Helenium flowers are so fun and so underrated! I love their flared shape, like a tutu or skirt! They’re very well suited to a loose floral style – here’s my tutorial to create this striking flowers.
Supplies you’ll need
- Watercolour paper (ideally 100% cotton)
- Watercolour paints
- Brushes (medium and small for details, I’m using size 6 and 2)
- Water jars with clean water
- Paper towels or cloth to dry your brushes
Colours for heleniums
You can use any colours for heleniums, but I’m going for a classic red and green combination. As contrasting colours, they make each other pop. You’ll want a lighter green value to avoid clashing with the red.
- Burnt Umber
- Sap Green
- Cadmium Yellow
- Winsor Red Deep
- Cadmium Red
How to paint a helenium – step by step
- Begin with the domed centre. Mix up a brown colour and use the tip of a small brush to create a semi-circle of dots towards the top of your paper. Make the dots quite dense and allow them to touch each other, but try and keep some white space.
- Using the same technique, add a layer of yellow dots underneath. Let them touch the brown in areas and blend together.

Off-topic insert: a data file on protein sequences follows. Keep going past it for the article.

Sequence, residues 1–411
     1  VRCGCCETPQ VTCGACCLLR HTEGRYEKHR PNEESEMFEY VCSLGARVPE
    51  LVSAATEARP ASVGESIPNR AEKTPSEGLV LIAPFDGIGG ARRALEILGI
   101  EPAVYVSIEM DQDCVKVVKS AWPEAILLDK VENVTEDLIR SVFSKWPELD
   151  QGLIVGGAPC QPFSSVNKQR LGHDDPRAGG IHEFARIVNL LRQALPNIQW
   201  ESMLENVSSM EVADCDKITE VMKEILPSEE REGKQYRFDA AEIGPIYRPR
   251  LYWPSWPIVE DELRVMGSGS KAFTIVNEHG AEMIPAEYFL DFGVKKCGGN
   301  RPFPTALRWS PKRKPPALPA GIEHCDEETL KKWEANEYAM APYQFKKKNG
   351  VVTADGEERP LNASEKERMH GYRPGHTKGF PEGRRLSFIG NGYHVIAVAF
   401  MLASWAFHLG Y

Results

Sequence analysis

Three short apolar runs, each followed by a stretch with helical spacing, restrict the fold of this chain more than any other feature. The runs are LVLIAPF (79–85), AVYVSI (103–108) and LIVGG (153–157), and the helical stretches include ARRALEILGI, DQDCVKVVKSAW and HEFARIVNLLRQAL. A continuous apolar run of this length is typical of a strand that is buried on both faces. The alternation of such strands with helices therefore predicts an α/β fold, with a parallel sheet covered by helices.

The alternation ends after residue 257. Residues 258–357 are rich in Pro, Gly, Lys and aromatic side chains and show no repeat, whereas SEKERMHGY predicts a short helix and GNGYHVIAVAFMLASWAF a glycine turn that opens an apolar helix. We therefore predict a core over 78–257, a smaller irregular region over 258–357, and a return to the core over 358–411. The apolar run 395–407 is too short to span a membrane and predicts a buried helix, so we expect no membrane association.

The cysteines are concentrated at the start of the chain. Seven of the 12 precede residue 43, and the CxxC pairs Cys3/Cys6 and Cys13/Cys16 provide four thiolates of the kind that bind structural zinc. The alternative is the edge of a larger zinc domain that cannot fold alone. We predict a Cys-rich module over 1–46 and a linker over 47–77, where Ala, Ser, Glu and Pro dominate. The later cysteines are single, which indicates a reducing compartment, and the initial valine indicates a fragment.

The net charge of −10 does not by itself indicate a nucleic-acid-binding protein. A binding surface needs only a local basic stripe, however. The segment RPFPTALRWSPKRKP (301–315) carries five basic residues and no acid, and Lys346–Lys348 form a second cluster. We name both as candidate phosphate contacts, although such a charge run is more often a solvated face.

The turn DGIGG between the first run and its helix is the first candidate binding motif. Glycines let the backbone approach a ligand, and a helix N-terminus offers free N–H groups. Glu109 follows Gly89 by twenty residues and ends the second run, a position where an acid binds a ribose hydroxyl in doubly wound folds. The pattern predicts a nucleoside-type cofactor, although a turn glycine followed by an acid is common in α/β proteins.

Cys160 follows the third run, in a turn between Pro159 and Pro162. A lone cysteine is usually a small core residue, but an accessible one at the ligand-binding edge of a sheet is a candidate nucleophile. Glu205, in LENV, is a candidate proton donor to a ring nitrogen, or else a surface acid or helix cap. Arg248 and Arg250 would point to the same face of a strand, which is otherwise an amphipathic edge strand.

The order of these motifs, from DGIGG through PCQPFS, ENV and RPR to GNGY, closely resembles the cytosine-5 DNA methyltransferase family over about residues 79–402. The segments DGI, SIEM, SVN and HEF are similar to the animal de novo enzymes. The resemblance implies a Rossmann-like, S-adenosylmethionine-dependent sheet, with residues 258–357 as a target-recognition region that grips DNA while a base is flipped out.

- Now it’s time for your petals! Mix up a red colour and use your medium brush to pull petals down and away from the centre. The ends of the petals should flare out and have irregular edges.
- Keep the petals separate with white space between them, and change up your red colour as you go – use more water to lighten it.
- When you get to the edges, tuck half petals ‘behind’ the flower by starting the stroke from the centre of the previous petal, and then flaring out.
- Switch back to a small brush and use a dark red to create contrast at both ends of the petal. Touch the inside edge nearest the flower centre, and darken the flared edges. Allow to blend naturally.
- Mix up your green – add plenty of yellow to avoid a harsh contrast with the red. Paint a curved stem coming out from the flower centre, and pull up leaves in a V shape to frame the flower.
- Add contrast in your leaves with darker edges or pops of yellow, and leave a clean white highlight in the centre. For a natural look, start the leaves from different places on the stem and curve the tips back into the flower.
I hope you liked this watercolour tutorial! Find more tutorials below or give me some suggestions for what you want to see next!